Friday, May 16, 2008

Dusty locks shoulder

that trail of intention leads into leaning into contact at the shoulder

at the hip, and intertwined breath leaving, entering along some parallel path

drips forming in the pockets of our bodies, turn inward on themselves

intensify and last all night, growing dreams on their shining surfaces

an orchid 2 years ago whose placement was unimaginable has burst through

time and space, its swollen stem opening my imaginative funnel

all wings curve to spiral flight, some elevations normally seperated collapse together

wax is melting, sun is hot, feathers are falling

ocean swells rise and touch my ankles

"The enlisted man stood with his head and shoulders protruding through the opening in the white canopy. His unruly red hair and freckled face gave the corporal a youthful look of an innocent schoolboy, but looks are often deceiving. Buck watched the corporal grow from a boy of seventeen into a battle-hardened veteran that, when the occasion called for it, was as tough as they come and had proved himself time and again. Some men were hard and tough, while others were dangerous; Chester Colson fell into the latter category. Like Buck, the corporal was from Texas." (from LONGHORN Book I "The Beginning" by Dusty Rhodes)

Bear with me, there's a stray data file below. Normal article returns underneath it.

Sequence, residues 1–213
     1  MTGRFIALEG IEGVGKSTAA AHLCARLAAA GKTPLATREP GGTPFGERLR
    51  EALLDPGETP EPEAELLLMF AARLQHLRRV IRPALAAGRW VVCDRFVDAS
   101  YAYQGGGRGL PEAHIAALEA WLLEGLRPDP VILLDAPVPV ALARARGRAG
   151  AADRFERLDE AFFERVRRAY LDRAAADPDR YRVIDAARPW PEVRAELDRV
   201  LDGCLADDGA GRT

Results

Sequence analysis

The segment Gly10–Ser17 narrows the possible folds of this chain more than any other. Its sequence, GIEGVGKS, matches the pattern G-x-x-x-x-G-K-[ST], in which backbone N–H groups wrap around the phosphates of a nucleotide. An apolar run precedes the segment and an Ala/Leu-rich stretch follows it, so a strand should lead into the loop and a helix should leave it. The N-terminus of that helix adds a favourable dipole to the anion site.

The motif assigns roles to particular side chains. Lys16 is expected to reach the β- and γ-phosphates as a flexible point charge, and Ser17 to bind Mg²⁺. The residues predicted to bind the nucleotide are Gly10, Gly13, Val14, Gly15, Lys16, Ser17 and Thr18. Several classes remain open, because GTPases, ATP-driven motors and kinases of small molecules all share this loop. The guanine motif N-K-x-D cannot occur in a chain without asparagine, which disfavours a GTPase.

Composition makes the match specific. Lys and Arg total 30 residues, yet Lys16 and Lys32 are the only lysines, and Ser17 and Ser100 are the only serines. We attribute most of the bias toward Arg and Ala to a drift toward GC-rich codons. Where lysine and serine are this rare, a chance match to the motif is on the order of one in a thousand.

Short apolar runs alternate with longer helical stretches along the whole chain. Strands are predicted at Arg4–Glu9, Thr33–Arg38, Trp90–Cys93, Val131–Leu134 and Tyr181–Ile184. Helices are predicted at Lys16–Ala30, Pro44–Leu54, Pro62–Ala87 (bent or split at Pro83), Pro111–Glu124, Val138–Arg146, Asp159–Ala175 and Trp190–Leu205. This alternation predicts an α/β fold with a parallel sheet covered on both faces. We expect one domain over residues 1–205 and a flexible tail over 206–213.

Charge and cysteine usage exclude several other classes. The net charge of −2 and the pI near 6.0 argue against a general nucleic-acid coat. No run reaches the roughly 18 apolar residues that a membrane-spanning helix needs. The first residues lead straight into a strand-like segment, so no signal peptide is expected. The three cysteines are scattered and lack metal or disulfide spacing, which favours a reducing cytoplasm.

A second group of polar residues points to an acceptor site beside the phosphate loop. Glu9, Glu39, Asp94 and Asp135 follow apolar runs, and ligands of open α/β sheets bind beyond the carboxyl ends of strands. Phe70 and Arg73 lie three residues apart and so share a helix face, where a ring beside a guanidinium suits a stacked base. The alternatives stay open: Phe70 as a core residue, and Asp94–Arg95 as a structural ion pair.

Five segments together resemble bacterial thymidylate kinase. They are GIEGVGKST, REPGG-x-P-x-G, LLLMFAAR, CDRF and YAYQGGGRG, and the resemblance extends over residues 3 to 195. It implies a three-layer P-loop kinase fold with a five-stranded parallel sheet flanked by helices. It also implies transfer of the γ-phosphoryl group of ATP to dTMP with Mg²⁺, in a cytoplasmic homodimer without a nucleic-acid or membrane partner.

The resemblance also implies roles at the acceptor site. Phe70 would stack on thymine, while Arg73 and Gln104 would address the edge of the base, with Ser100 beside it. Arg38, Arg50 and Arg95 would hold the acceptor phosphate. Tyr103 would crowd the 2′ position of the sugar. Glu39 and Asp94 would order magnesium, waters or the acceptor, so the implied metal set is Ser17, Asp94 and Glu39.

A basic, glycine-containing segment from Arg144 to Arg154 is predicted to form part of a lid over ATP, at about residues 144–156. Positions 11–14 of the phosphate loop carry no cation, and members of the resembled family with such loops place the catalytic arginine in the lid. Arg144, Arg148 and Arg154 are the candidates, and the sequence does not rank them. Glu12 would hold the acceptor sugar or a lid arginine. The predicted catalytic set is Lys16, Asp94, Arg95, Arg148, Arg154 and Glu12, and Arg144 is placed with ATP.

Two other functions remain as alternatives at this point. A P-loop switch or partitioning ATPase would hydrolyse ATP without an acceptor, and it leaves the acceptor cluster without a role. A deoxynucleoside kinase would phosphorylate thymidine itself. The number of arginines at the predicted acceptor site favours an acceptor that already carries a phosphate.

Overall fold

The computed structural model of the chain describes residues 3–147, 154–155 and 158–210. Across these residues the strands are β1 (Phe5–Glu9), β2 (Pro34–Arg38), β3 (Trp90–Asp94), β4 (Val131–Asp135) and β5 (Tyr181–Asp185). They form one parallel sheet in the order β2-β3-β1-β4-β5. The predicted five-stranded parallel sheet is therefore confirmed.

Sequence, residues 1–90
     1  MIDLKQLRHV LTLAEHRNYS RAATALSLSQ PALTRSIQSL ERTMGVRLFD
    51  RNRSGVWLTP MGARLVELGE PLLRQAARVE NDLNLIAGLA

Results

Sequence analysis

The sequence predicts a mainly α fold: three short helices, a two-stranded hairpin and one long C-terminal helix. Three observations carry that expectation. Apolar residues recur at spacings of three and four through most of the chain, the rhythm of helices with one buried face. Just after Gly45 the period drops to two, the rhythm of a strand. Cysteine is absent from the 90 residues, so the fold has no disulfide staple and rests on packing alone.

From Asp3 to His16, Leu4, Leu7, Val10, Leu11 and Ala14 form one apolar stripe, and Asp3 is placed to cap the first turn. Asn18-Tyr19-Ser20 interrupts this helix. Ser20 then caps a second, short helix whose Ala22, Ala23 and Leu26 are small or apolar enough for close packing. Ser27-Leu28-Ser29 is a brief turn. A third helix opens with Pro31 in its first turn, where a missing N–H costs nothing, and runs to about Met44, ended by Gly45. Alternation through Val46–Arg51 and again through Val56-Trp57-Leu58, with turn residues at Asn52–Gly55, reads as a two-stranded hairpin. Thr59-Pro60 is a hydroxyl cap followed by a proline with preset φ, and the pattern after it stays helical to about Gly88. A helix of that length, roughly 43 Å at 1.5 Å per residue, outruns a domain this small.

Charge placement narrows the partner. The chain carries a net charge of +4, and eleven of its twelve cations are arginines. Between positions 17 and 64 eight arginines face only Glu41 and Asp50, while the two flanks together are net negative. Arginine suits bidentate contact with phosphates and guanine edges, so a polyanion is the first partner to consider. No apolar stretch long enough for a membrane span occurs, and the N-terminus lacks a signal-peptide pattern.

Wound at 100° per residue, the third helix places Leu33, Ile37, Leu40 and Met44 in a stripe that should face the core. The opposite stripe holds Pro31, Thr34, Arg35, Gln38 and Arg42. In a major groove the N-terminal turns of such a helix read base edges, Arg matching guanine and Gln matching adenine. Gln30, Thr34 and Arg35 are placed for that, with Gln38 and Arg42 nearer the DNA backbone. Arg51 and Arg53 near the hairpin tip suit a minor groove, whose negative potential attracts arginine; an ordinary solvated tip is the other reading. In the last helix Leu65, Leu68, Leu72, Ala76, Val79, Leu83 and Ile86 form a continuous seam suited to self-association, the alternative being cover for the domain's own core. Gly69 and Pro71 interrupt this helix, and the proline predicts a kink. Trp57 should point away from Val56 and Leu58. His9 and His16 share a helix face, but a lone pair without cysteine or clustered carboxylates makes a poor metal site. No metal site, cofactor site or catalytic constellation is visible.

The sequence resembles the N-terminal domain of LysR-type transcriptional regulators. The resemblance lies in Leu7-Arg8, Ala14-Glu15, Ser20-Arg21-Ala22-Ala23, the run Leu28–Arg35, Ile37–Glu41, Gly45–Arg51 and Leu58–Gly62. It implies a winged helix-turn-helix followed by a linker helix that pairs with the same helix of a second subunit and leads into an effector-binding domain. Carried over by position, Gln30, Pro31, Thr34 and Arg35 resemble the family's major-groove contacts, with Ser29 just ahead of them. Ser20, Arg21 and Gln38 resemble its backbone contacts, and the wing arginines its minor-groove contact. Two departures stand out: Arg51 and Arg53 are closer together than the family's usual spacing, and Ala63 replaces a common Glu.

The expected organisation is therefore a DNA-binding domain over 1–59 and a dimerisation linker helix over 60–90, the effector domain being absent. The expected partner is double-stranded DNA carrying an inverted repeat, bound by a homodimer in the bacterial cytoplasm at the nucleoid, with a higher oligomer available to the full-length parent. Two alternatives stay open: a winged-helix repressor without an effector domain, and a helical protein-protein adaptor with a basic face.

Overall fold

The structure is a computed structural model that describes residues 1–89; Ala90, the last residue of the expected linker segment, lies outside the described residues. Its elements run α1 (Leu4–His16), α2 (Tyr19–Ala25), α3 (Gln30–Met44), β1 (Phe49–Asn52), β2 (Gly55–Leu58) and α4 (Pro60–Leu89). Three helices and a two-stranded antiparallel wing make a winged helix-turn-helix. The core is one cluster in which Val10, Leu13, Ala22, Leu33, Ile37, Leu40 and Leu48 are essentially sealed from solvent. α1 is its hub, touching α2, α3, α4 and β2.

Friday, May 09, 2008

Gallivanting blouse

"In the 70s, there were three Mexican restaurants I frequented. El Coyote, La Fonda and Lucy’s El Adobe. I’d heard about Lucy’s from my friend at the time, Linda Ronstadt. I know, I’m name-dropping. Sting tells me I do that a lot.

Van Dyke Parks took me to La Fonda. He knew I’d love the music there. I did. Instruments I’d never seen before, specifically for Mariachi. The guitaron, a huge guitar, I guess you’d call it a base guitar, a tijuela, a miniature guitar with an angelic harp-like sound. And the incomparable joy of the trumpets and violins blended together for an experience of living history. Sadly, La Fonda closed just recently. El Coyote features ‘chicas’ that look more like ‘duenas’ gallivanting in peasant, off the shoulder blouses and huge skirts. The food there, although produced on a massive scale, is still quite good. And Lucy’s still makes the best Tostada in town." (from "Lean Like a Cholo" by Laraine Newman; posted on One for the Table)